- 12. Spontaneous Change A spontaneous change is one that occurs without a continuous input of energy from outside the system. All chemical processes require energy (activation energy) to take place, but once a spontaneous process has begun, no further input of energy is needed. A nonspontaneous change occurs only if the surroundings continuously supply energy to the system. If a change is spontaneous in one direction, it will be nonspontaneous in the reverse direction. 20-12
- 13. The First Law of Thermodynamics Does Not Predict Spontaneous Change Energy is conserved. It is neither created nor destroyed, but is transferred in the form of heat and/or work. E=q+w The total energy of the universe is constant: Esys = - Esurr or Esys + Esurr = Euniv = 0 The law of conservation of energy applies to all changes, and does not allow us to predict the direction of a spontaneous change. 20-13
- 14. H Does Not Predict Spontaneous Change A spontaneous change may be exothermic or endothermic. Spontaneous exothermic processes include: • freezing and condensation at low temperatures, • combustion reactions, • oxidation of iron and other metals. Spontaneous endothermic processes include: • melting and vaporization at higher temperatures, • dissolving of most soluble salts. The sign of H does not by itself predict the direction of a spontaneous change. 20-14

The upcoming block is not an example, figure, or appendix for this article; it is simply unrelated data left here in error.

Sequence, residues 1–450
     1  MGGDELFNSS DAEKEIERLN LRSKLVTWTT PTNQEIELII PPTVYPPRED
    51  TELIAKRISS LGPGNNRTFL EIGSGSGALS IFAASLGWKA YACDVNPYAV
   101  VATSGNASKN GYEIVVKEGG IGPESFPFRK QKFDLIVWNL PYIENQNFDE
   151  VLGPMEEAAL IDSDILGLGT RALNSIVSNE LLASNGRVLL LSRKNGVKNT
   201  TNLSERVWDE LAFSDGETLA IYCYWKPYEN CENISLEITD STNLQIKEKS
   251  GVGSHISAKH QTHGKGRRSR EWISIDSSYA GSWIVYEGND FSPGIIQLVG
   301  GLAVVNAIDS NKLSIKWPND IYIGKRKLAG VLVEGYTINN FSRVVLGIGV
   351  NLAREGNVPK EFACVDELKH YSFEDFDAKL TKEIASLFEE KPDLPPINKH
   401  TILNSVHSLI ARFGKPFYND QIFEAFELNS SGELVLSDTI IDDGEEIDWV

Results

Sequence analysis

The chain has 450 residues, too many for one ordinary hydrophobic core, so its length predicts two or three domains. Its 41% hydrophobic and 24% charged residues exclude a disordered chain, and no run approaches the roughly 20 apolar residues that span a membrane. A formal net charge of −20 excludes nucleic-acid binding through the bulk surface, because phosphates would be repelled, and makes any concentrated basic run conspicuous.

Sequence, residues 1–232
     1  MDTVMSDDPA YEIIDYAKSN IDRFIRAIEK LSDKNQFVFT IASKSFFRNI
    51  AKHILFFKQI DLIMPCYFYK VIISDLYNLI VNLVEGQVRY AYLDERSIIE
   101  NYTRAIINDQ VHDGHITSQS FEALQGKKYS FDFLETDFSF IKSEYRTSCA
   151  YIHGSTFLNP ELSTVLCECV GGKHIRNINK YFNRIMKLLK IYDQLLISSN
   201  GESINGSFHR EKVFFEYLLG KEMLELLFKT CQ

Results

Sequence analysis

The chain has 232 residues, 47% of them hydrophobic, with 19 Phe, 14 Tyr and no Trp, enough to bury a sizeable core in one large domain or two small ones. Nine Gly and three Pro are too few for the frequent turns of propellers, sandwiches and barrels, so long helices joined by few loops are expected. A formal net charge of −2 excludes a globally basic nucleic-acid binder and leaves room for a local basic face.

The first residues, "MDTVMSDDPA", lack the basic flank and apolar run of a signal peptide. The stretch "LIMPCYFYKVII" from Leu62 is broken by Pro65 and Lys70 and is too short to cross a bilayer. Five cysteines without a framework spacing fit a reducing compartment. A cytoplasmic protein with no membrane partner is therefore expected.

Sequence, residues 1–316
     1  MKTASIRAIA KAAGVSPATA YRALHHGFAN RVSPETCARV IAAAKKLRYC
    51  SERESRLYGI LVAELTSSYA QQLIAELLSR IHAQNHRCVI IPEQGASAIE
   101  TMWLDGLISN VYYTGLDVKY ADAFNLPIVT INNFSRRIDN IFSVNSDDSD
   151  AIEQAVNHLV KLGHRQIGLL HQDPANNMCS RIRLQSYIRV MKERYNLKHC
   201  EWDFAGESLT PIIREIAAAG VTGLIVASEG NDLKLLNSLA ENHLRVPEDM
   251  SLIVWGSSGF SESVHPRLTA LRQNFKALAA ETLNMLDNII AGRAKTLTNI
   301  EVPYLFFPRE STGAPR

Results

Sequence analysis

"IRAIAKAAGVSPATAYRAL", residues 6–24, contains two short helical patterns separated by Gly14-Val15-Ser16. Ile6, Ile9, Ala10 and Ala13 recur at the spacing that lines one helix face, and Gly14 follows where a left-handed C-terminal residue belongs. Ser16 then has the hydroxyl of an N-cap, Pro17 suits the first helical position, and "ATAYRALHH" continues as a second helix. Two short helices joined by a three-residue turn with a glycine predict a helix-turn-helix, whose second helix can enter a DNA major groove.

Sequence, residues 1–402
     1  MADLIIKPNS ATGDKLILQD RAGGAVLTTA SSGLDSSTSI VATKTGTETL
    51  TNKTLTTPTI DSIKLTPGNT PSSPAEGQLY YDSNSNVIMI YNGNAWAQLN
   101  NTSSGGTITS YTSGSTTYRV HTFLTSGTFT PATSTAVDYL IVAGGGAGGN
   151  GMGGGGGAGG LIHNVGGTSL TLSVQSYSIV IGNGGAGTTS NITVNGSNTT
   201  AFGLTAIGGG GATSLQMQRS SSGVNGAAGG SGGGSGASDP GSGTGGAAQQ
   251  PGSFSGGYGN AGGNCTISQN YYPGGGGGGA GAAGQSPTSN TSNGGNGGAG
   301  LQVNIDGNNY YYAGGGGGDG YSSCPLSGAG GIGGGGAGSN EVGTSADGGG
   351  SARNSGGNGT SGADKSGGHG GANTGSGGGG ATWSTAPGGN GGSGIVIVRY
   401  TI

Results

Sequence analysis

- 15. Figure 20.1 A spontaneous endothermic chemical reaction. Ba(OH)2 ·8H2O(s) + 2NH4NO3(s) → Ba2+(aq) + 2NO3-(aq) + 2NH3(aq) + 10H2O(l) H rxn = +62.3 kJ water This reaction occurs spontaneously when the solids are mixed. The reaction mixture absorbs heat from the surroundings so quickly that the beaker freezes to a wet block. 20-15
- 16. Enthalpy Change Hfo (products) Hfo(reactants) • where Hfo is the standard molar enthalpy of formation and H is the enthalpy change for the reaction. 20-16
- 17. Enthalpy Change • Calculate the enthalpy change for the following reaction at 298K. • C3H8(g) + 5O2(g) ----> 3CO2(g) + 4H2O(l) 20-17
- 18. 20-18
- 19. The Second Law of Thermodynamics • In spontaneous changes the universe tends toward a state of greater disorder. • In thermodynamics, entropy is a measure of the degree of disorder. • Entropy tends to increase. 20-19
- 20. The Second Law of Thermodynamics • Likely 20-20
- 21. The Second Law of Thermodynamics • Unlikely 20-21